Truss’ inconsistent policy a big blow to her personal credibility, Conservative Party
Published: Oct 04, 2022 06:22 PM
Liz Truss Photo: AFP

Liz Truss Photo: AFP

On Monday, British Finance Minister Kwasi Kwarteng said that the UK government is "not proceeding with the abolition of the 45p tax rate." Just 10 days ago, the UK government announced the plan to scrap the 45 percent rate, paid by people earning more than 150,000 pounds a year, as part of a package of tax cuts. In addition to the UK media, many global media outlets were following the issue closely.

Tax cuts were a big issue for Truss during the Conservative Party leadership race. After taking office, she made such a plan to fulfill her promise, a move that sparked turmoil in financial markets ̶ the pound hit a record low against the US dollar, British government bond prices collapsed, and UK stocks, as measured by the FTSE 100 (UKX) in London, hit their lowest level since March. Liz Truss seems to be inexperienced as the prime minister, and she seems to lack a proper understanding of the economic situation of both the UK and the rest of the world, and is incapable of arriving at an appropriate solution to addressthe UK's current plight, analysts said.

Worse still, instead of reflecting on her capabilities, Truss is trying to pass the buck to Kwarteng. She said on Sunday that the decision to cut the top earner tax rate was a "decision that the Chancellor made." This signals that Truss, as the Britishprime minister, doesn't take responsibility for her government.

It is also noticeable that even a day before Kwarteng's announcement of abandoning the plan to scrap the 45 percent rate, Truss was still defending the proposal. The BBC reported that Truss said on Sunday she remained committed to her approach and she was "confident" better growth would result. Another BBC report said the U-turn marks a "humiliating climbdown" for Truss.

When putting them together, it can be seen that to some extent new divisions are spreading within the Conservative Party, according to Cui Hongjian, director of the Department of European Studies at the China Institute of International Studies.

When taking office, Truss had two tough tasks to deal with - one is to solidify the Conservative Party, tackling its divergences; another is to settle the economic and standard of living problems facing Britain as soon as possible. But Truss has made little progress on neither, making her political prospects dim, Cui noted.

An opinion piece by The New York Times said Truss "may have set a political speed record... Announcing an economic program and then abandoning its central plank just 10 days later is something special."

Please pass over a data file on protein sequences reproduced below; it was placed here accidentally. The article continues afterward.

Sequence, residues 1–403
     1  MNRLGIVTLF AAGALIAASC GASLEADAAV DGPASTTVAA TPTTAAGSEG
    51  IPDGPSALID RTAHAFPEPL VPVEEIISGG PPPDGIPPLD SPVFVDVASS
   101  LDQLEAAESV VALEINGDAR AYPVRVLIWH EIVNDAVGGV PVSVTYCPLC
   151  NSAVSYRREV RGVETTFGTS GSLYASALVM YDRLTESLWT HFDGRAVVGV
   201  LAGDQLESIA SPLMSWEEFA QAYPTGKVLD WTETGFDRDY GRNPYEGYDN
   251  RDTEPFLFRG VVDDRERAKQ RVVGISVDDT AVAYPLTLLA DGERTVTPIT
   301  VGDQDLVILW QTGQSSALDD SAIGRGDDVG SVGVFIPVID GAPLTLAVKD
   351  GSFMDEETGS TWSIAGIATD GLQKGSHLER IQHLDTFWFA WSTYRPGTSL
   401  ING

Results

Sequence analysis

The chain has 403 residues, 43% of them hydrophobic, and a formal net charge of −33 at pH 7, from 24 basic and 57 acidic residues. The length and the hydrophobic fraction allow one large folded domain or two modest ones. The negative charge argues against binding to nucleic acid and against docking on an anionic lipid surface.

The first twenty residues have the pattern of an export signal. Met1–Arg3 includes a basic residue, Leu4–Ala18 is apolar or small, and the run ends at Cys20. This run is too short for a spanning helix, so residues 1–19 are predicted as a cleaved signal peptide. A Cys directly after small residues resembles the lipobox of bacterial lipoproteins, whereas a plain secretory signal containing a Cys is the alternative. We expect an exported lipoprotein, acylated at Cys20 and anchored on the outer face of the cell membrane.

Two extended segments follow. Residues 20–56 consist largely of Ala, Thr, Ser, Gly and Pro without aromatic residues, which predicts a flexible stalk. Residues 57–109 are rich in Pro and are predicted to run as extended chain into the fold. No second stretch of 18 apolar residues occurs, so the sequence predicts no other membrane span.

Truss' big tax cut plan as well as her government's inconsistency in policy will be a blow not only to her personal credibility and reputation but also to the Conservative Party.

According to a report by the Guardian on Saturday, Truss' personal popularity ratings are lower than those of Boris Johnson at the end of his premiership. One opinion article by the Guardian is even entitled "Here's the question to define this sorry era: Truss or Johnson, which is worse?" More than half of Britons think Liz Truss should quit as the UK prime inister, according to a YouGov poll. Even though Truss is in office just for less than a month, her premiership seems to be already in crisis.

Given her recent performance, her governance capability is already being questioned. As a result, her policies or plans on other areas will be difficult to carry out, with louder criticism no matter what the target is. It is anticipated that she will struggle in the lead up to the next general election.

Truss' performance on the fate of the Conservative Party is evident as well. Britain's opposition Labour Party has surged to a 33-point lead over the ruling Conservatives, according to a YouGov poll on Thursday, believed to be the largest lead for the Labour in any recorded poll since 1998. It remains to be seen how Truss' U-turn will further hit the Conservative Party.

Truss is the fourth UK prime minister in six years. The high turnover rate of UK prime ministers suggests that the aftereffect of Brexit is far larger than those who are pro-Brexit have imagined. "The UK's current strength is insufficient to deal with the shock having resulted from Brexit," noted Cui, "And the accelerating turnover of prime ministers in the UK also indicates that the UK's politics has entered a stage where deep reforms are badly needed."

The author is a reporter with the Global Times. opinion@globaltimes.com.cn